Hands down one of the greatest third baseman to ever play the position , Brooks Robinson was nickname the human vaccum cleaner for good reason, no matter how you tried to hit the bal either past him or in front of him you were an automatic out. Robinson played his entire career with the Baltimore Orioles.He won 16 consecutive Gold Glove Awards during his career, tied with pitcher Jim Kaat for the second most all-time for any player at any position. Robinson was elected to the Baseball Hall of Fame in 1983.
In 1964, Robinson had his best season offensively, hitting for a .318 batting average with 28 home runs and led the league with 118 runs batted in, winning the American League Most Valuable Player Award. In the American League MVP voting, he received 18 of the 20 first-place votes, with Mickey Mantle finishing second. In 1966, he was voted the All-Star Game Most Valuable Player, and finished second to teammate Frank Robinson in the American League Most Valuable Player Award voting, as the Orioles went on to win the 1966 World Series against the Los Angeles Dodgers.
In the 1970 post-season, Robinson hit for a .583 batting average in the 1970 American League Championship Series against the Minnesota Twins. In the 1970 World Series against the Cincinnati Reds, Robinson had a .429 batting average with 2 home runs; however, it was his defensive prowess at third base that stood out, making several impressive plays during the series that robbed the Reds of apparent base hits. His performance won him the World Series MVP Award presented by SPORT, as well as the Hickok Belt as top professional athlete of the year. After the 1970 World Series, Cincinnati Reds manager Sparky Anderson quipped, “I’m beginning to see Brooks in my sleep. If I dropped this paper plate, he’d pick it up on one hop and throw me out at first.”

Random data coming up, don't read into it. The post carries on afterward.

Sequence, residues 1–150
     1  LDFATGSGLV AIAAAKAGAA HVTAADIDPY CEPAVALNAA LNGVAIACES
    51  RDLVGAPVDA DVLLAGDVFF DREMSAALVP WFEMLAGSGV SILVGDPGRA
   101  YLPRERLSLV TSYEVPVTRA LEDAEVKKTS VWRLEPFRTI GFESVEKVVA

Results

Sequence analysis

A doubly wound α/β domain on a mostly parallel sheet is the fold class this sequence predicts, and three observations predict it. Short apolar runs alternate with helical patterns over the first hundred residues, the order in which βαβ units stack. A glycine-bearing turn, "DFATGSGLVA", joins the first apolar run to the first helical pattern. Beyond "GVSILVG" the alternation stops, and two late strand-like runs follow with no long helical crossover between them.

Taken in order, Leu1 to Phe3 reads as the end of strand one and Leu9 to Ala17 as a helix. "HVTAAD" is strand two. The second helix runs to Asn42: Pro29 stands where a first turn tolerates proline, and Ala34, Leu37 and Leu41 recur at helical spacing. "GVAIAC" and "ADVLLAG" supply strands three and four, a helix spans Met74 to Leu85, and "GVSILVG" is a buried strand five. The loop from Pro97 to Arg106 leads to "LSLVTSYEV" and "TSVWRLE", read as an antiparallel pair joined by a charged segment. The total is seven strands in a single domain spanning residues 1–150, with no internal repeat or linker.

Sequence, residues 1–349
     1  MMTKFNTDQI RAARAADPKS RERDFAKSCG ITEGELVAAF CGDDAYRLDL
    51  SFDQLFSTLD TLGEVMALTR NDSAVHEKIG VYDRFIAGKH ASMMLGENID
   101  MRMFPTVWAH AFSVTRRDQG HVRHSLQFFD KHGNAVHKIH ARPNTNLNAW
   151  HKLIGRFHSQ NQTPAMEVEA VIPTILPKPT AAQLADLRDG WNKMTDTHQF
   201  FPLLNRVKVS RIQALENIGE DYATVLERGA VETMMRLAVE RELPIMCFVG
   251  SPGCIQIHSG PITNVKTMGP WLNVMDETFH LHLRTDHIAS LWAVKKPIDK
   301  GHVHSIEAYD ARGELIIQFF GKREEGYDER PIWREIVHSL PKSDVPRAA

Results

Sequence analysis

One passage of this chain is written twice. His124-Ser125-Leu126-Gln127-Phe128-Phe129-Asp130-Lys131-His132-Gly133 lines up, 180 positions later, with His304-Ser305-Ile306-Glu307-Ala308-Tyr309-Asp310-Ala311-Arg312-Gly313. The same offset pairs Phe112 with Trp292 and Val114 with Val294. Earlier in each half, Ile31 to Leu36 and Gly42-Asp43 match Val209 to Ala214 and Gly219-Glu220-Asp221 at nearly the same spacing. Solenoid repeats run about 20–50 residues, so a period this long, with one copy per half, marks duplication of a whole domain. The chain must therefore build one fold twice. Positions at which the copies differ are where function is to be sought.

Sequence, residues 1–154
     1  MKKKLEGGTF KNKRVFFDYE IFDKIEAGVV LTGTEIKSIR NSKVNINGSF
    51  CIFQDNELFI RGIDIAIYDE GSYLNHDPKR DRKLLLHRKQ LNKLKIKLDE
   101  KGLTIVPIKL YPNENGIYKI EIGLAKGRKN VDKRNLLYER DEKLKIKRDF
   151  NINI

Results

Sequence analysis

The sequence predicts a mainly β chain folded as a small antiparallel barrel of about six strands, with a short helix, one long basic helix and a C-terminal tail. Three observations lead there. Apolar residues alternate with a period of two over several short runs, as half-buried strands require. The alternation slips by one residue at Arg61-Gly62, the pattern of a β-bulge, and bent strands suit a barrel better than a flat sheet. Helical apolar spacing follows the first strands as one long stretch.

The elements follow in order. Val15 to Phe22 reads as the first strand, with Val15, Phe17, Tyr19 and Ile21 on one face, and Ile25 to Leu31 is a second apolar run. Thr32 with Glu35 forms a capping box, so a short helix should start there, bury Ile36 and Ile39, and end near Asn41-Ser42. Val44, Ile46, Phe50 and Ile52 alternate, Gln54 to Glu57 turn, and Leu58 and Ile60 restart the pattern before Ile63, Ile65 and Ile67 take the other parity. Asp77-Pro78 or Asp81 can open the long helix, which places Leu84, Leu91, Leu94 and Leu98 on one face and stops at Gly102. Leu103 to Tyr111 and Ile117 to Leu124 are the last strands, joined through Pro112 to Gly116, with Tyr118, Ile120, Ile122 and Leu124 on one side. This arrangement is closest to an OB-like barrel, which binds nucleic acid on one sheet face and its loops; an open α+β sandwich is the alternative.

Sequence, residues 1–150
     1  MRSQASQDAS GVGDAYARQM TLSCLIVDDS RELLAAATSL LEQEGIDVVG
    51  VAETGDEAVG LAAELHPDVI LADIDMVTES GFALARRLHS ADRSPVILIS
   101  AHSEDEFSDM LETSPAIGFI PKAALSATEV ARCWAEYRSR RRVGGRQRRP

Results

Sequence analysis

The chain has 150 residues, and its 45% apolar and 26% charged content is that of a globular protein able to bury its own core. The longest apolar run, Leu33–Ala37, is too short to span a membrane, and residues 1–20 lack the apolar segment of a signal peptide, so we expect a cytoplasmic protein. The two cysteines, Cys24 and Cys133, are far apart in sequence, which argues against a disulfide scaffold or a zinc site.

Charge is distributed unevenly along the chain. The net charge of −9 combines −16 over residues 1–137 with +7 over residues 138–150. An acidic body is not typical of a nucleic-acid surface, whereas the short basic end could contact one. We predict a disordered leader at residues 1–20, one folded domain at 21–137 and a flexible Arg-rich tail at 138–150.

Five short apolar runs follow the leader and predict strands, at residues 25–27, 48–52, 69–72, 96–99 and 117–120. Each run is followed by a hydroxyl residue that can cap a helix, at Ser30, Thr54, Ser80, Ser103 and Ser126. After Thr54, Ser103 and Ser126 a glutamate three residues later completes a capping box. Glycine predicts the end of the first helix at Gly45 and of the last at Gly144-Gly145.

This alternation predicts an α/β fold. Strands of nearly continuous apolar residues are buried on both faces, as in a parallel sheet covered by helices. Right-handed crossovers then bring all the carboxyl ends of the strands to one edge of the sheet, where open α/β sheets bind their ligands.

In his playing career, Robinson was selected for the All-Star team in 15 consecutive years (1960-74) and played in four World Series. He compiled a .267 career batting average with 2,848 hits, 268 home runs and 1357 runs batted in. Robinson led the American League in fielding percentage a record 11 times, and at the time of his retirement, his .971 career fielding average was the highest ever for a third baseman. His totals of 2870 games played at third base, 2697 career putouts, 6205 career assists, 8902 career total chances and 618 double plays were records for third basemen at the time of his retirement. Robinson’s 23 seasons with one team set a new major league record, since tied by Carl Yastrzemski. Only Yastrzemski (3308), Hank Aaron (3076) and Stan Musial (3026) played more games for one franchise. Robinson, a slow baserunner, also hit into four triple plays during his career, a major league record. He commented, “I wouldn’t mind seeing someone erase my record of hitting into four triple plays.” He is the first player to start two triple plays in one season, as he did in 1973.
Smallthoughts salutes an all time great third baseman…the one and only human vacumm cleaner …Brooks Robinson.
September 17, 1955 for the Baltimore Orioles
Last MLB appearance
August 13, 1977 for the Baltimore Orioles
Runs batted in
Baltimore Orioles (1955–1977)
Career highlights and awards
18× All-Star (1960–1974)
2× World Series champion (1966, 1970)
AL MVP (1964)
World Series MVP (1970)
16× Gold Glove Award (1960–1975)
MLB All-Star Game MVP (1966)
Roberto Clemente Award (1972)
Baltimore Orioles #5 retired
Major League Baseball All-Century Team